Higher standards for K-12 education supported

Leaders of all 13 of Tennessee’s community colleges held a press conference at the state capitol today to emphasize their support for continuing Tennessee’s commitment to higher K-12 academic standards that prepare students for college study.

They were joined by a contingent of representatives from Tennessee public universities, Tennessee Colleges of Applied Technology, and the Tennessee Board of Regents, the state university and community college system.

Citing concerns regarding college- and career-preparedness, the group stressed the need for high school graduates to have a strong base of knowledge and skills needed to perform college-level work.

“As community college presidents, we want to see every student who arrives on our campuses ready to succeed and thrive in a higher education environment,” said Anthony Wise Jr., president of Pellissippi State Community College. “It’s especially important in light of the new Tennessee Promise program, which is opening the doors to higher education to so many Tennessee students.”

More than 58,000 current Tennessee high schools seniors have applied for the Tennessee Promise program, which offers two years of community or technical college tuition-free. Many of those students are expected to enroll this fall in one of Tennessee’s 13 community colleges or colleges of applied technology across the state. The program is part of Gov. Bill Haslam’s ‘Drive to 55’ initiative, which aspires to raise the percentage of the state’s population holding some form of higher education credential.

Wise and other presidents cited the need for remedial work by incoming freshman as evidence of the critical need for higher K-12 standards. In the fall of 2014, nearly 70% of full-time freshman in Tennessee’s community colleges required learning support in order to perform college-level work.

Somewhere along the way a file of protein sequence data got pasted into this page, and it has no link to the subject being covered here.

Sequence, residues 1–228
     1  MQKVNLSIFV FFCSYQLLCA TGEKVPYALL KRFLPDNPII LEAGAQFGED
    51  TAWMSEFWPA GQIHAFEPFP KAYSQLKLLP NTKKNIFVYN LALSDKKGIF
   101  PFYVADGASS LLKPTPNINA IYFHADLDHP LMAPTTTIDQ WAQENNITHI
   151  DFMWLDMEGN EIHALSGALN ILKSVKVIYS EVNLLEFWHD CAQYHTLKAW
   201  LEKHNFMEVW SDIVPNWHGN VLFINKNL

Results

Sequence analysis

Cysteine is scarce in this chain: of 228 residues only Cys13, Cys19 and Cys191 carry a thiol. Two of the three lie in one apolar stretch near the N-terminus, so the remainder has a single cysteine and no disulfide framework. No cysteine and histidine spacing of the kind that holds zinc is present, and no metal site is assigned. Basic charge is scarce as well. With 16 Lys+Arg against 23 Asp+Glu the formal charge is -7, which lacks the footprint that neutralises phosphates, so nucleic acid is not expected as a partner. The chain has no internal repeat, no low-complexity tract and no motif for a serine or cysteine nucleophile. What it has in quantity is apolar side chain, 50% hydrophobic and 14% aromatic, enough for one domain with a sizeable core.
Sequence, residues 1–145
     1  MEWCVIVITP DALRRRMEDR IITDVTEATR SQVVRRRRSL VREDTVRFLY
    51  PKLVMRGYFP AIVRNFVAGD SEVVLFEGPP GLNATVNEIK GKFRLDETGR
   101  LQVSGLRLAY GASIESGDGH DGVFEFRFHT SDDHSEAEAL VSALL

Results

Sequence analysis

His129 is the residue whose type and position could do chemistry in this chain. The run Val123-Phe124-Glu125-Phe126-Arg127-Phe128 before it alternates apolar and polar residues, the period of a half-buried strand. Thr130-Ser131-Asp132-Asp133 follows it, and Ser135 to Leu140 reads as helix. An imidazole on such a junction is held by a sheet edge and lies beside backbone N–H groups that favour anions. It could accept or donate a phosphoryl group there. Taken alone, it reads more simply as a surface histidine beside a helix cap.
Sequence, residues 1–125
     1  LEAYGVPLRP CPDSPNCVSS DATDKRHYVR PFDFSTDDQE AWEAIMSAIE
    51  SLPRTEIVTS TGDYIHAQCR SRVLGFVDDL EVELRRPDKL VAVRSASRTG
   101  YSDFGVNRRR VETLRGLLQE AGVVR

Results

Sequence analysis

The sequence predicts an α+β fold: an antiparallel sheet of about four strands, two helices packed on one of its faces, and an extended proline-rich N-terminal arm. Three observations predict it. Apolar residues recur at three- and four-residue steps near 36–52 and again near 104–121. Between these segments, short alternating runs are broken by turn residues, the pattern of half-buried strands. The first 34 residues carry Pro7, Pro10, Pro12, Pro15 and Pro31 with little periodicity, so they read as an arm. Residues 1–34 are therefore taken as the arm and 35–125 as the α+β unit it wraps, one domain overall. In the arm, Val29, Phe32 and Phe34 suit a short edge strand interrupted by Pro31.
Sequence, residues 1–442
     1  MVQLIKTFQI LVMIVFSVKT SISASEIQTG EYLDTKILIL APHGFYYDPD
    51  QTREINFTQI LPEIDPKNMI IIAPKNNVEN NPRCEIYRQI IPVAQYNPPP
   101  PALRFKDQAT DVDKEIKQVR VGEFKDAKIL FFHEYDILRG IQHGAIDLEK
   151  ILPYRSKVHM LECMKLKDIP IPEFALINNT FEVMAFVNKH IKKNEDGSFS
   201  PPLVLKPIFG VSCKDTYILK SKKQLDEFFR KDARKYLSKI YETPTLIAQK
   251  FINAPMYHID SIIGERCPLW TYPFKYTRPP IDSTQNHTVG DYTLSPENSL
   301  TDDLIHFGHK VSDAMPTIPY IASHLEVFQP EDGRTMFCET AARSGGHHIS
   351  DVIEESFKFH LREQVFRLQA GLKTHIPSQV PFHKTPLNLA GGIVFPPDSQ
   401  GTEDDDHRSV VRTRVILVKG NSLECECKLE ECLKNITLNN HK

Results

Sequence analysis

“Studies have shown that students who require remedial work in college are far less likely to complete their studies and earn a certificate or degree,” Wise said. “It’s vital that students obtain the skills they need to succeed in college before they step on campus and not need to spend valuable time learning material they should have already mastered.”

Data from ACT Inc., the college admissions exam nearly every Tennessee high school students takes, backs up Wise’s statements. According to ACT, only 30% of Tennessee seniors in 2014 met benchmarks for college readiness in math. Only 59% met the benchmarks in English, and only 19% demonstrated college-readiness in all four tested areas, which include science and reading as well. Further analysis by ACT reveals that students with a composite score of 18 or below currently have only a 35% chance of completing an associate or bachelor’s degree within six years.

The presidents urged Tennessee lawmakers to maintain or even further strengthen educational standards to ensure future student success, pointing out that the state had already seen improvement in the four years since the current standards were adopted. Tennessee has been recognized for making the highest gains in the country on math and English scores.

“Our students have shown that as our expectations rise, so does their performance. Tennessee must not turn back now and lose our momentum,” Wise said. “Every student deserves the opportunity to fulfill their promise, and we owe it to them to ensure they have the skills and knowledge to do so.”
The higher education leaders concluded their press conference by signing a letter to Education Commissioner Candice McQueen supporting higher standards for college readiness.

“We must work harder to close this preparation gap, and we believe continued implementation of higher academic standards are our best hope for accomplishing this,” the letter stated.

“The standards currently in place were developed with college and career readiness as the end goal, and higher education faculty in Tennessee and many other states had a hand in their development. We support Gov. Haslam’s commitment to review the standards and hope that any changes will only further enhance college readiness.”

The Tennessee Board of Regents is among the nation’s largest higher education systems, governing 46 post-secondary educational institutions. The TBR system includes six universities, 13 two-year colleges and 27 colleges of applied technology, providing programs across the state to about 200,000 students.